There were three basic findings. First, people’s minds wander frequently almost regardless of what they are doing. Second, people are less happy when their minds are wandering than when they are not. Third, what people are thinking is a better predictor of happiness than what they are doing. The authors stated, “… a human mind is a wandering mind, and a wandering mind is an unhappy mind.” You could bring up the Devil and idle hands if you want to, but to me it rather sounds like Mother Nature giving us yet another insistent incentive to do better. Not a bad thing to realize a few days before the New Year.

Sunday, December 26, 2010

San Felasco's Mideast

Twice recently, I hiked into a part of San Felasco Hammock Preserve State Park that I have never before visited, traversing 6.2 and 9.9 miles. That area is along the eastern boundary about half-way between Millhopper Road and the park’s NE corner, just about as far from either trailhead as you can get. The first occasion was a reunion with a friend and former co-worker from the 1970s and early 1980s, and the second was solo. Aside from enjoying good company and good woods, the missions on both expeditions were to continuing documenting the locations of sinkholes and trails. This aerial photo depicts the GPS tracks of the two hikes and the general polygon of interest (white polygon):

A couple of days before the visits, I finally took the time to read the 2005 land management plan for the park (http://tinyurl.com/23opnbv). I was encouraged by the overall direction being resource-based recreation and conservation as opposed to timber management or a single-species/habitat orientation. In other words, the plan is to restore the native plant and wildlife communities that occurred on site in pre-Columbian times and allow citizens to make passive recreational use of it. Notably, the authors recognize the hammock as the largest and best example of this habitat type remaining in Florida.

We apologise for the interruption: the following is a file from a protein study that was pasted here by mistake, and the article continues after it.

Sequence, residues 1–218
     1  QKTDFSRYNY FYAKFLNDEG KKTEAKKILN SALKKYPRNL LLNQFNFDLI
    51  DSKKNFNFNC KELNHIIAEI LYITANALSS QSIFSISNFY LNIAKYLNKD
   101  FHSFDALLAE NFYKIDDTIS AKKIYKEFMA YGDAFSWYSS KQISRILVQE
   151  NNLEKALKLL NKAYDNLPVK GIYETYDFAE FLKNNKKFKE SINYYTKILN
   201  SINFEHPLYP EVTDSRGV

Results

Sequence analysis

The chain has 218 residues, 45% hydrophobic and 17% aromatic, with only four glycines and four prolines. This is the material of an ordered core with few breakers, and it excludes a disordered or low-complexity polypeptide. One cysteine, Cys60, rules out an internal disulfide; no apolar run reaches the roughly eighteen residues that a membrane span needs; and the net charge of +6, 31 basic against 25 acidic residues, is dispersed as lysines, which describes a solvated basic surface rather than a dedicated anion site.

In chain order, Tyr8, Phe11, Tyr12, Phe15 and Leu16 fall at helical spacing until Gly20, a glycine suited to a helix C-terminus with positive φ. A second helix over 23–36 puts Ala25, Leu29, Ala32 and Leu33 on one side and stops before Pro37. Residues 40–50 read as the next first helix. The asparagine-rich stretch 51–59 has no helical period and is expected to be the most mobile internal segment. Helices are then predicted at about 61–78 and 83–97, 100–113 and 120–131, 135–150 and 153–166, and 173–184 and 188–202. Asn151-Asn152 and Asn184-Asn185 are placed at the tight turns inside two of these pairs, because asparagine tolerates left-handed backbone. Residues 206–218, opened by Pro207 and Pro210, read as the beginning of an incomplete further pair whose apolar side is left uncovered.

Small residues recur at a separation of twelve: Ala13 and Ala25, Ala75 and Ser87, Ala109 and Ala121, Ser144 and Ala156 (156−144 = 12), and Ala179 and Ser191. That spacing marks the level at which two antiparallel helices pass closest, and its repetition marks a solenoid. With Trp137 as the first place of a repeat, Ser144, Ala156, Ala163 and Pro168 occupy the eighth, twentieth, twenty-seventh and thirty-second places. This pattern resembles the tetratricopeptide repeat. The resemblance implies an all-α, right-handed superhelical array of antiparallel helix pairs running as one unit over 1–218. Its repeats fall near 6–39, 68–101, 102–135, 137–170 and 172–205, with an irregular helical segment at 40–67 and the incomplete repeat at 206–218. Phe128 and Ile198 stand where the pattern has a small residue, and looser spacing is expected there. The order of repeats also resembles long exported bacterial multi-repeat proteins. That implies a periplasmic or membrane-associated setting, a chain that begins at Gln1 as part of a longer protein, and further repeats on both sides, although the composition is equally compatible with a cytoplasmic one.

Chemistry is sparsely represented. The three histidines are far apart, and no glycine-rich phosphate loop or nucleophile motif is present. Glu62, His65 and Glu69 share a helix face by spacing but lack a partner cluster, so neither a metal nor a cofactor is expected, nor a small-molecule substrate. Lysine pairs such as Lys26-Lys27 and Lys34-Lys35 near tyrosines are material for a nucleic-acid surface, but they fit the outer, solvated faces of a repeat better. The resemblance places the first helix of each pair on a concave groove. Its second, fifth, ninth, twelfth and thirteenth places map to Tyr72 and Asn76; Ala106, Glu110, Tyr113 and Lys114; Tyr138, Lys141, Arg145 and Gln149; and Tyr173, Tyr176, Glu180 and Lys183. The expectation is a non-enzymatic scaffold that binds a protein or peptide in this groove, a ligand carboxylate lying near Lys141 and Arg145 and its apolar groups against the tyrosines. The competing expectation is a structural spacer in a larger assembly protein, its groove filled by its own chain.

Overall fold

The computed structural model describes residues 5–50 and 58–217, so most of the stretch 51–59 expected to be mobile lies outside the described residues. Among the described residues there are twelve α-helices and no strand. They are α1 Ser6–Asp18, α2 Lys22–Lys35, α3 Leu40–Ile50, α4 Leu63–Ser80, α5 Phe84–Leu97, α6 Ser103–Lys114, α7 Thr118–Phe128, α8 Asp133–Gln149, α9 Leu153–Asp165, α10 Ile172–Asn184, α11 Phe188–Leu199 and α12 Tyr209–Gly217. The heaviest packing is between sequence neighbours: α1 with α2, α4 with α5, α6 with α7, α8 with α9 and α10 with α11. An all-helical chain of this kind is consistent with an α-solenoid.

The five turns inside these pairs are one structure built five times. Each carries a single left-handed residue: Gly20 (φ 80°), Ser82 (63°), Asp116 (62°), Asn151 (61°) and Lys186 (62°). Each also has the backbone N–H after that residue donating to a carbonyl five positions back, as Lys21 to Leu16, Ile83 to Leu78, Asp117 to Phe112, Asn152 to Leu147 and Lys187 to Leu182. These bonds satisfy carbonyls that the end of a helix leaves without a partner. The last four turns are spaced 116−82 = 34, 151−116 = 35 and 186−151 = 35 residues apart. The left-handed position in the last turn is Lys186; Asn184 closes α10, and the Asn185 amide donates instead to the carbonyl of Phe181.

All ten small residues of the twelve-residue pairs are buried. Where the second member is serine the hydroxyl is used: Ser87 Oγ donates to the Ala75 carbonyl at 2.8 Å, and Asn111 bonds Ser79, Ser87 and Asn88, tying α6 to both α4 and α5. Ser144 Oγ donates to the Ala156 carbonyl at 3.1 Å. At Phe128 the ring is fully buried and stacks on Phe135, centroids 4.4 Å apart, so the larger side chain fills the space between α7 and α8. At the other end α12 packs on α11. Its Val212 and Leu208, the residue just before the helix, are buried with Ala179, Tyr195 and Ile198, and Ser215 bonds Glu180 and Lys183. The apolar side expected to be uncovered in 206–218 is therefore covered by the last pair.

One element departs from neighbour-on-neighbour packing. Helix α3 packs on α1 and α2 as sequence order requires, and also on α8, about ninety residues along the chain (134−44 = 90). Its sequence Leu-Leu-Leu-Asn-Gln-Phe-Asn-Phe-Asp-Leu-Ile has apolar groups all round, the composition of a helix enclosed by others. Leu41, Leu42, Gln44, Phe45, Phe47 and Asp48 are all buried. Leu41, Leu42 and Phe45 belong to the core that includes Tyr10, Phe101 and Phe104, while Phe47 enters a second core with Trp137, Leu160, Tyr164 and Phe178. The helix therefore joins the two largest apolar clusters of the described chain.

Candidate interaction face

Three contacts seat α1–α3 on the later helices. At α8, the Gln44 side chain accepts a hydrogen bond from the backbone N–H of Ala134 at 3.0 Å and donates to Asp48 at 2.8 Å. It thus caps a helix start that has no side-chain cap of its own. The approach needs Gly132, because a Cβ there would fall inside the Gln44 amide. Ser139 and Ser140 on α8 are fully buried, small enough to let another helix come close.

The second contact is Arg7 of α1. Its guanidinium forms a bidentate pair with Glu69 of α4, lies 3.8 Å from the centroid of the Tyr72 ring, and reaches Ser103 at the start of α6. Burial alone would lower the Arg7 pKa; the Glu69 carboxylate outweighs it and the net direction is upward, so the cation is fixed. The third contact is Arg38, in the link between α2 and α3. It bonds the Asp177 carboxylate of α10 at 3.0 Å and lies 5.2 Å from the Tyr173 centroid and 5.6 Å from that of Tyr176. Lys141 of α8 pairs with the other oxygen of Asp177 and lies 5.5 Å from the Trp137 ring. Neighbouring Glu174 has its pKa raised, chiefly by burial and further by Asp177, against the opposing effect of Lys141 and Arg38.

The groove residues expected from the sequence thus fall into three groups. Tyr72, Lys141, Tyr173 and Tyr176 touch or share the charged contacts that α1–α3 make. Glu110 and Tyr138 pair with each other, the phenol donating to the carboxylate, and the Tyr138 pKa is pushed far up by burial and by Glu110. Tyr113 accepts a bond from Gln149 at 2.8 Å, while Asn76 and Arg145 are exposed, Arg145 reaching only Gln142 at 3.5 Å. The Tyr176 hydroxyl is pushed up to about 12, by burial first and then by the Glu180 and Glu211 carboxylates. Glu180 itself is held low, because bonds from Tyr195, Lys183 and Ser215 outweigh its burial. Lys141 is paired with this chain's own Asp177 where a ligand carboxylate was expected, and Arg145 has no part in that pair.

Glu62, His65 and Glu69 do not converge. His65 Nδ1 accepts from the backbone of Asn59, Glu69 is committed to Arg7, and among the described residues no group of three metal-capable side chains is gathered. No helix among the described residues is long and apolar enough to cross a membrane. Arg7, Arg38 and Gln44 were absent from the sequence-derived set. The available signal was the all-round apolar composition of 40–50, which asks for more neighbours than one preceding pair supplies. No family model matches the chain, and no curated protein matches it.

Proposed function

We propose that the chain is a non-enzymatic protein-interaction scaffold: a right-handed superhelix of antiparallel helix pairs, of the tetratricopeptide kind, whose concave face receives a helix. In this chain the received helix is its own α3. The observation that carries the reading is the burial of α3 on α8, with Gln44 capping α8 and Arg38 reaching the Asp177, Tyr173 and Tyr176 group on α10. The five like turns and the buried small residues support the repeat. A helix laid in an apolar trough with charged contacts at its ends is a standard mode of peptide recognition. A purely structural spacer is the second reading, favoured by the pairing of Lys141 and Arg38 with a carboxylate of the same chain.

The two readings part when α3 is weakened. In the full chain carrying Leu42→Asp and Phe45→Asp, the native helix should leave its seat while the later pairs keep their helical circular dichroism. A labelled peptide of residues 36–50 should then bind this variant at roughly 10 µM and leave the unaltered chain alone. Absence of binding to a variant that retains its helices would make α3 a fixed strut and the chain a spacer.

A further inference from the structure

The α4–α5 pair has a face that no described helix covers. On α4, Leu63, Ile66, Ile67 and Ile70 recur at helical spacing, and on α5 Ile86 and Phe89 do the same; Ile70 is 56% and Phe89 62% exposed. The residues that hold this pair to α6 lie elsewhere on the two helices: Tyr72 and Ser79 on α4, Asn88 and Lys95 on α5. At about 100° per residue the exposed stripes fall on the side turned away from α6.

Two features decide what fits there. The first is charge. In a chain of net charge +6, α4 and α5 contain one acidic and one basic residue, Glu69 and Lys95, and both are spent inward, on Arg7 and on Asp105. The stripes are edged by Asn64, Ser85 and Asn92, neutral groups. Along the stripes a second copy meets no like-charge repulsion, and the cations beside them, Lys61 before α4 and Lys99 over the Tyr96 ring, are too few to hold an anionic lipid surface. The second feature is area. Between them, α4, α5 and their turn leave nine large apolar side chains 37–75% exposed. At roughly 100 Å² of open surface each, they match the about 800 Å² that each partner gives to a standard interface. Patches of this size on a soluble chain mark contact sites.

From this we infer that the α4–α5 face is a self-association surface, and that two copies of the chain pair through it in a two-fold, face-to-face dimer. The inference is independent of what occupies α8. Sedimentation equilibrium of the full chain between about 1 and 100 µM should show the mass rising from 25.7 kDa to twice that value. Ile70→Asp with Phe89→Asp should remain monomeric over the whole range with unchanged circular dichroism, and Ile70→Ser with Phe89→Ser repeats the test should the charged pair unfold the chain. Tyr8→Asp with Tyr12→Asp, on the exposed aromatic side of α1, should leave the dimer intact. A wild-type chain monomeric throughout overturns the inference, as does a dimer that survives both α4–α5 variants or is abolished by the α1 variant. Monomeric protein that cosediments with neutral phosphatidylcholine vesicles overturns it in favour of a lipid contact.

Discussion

The plan also contains a map of the park’s major plant communities and a base map of its roads and trails. The latter is much better than any other map I have seen of San Felasco, either on-line or as a hard copy trailhead give-away. Unfortunately, the two maps are not at the same scale, and the vegetation map has no trails on it to use for orientation. In fact, all other maps of the park are also frustrating in that regard. USGS Topo Quads that are as wrong as they can be.  The county publishes much better topos, in 2-ft contour intervals, but those covering San Felasco are at two different scales, one for areas within the Fernandez Grant and another for areas outside that old Spanish land grant; Google Earth provides aerials at odd scales that do not match any other map; and my Garmin GPS uses the incorrect USGS at still different scales and oddball contour intervals, plus it contains roads that have never existed. We’ll just have to wait until my map comes out before we have available a map with accurate topography, trails and plant communities, all at a single scale.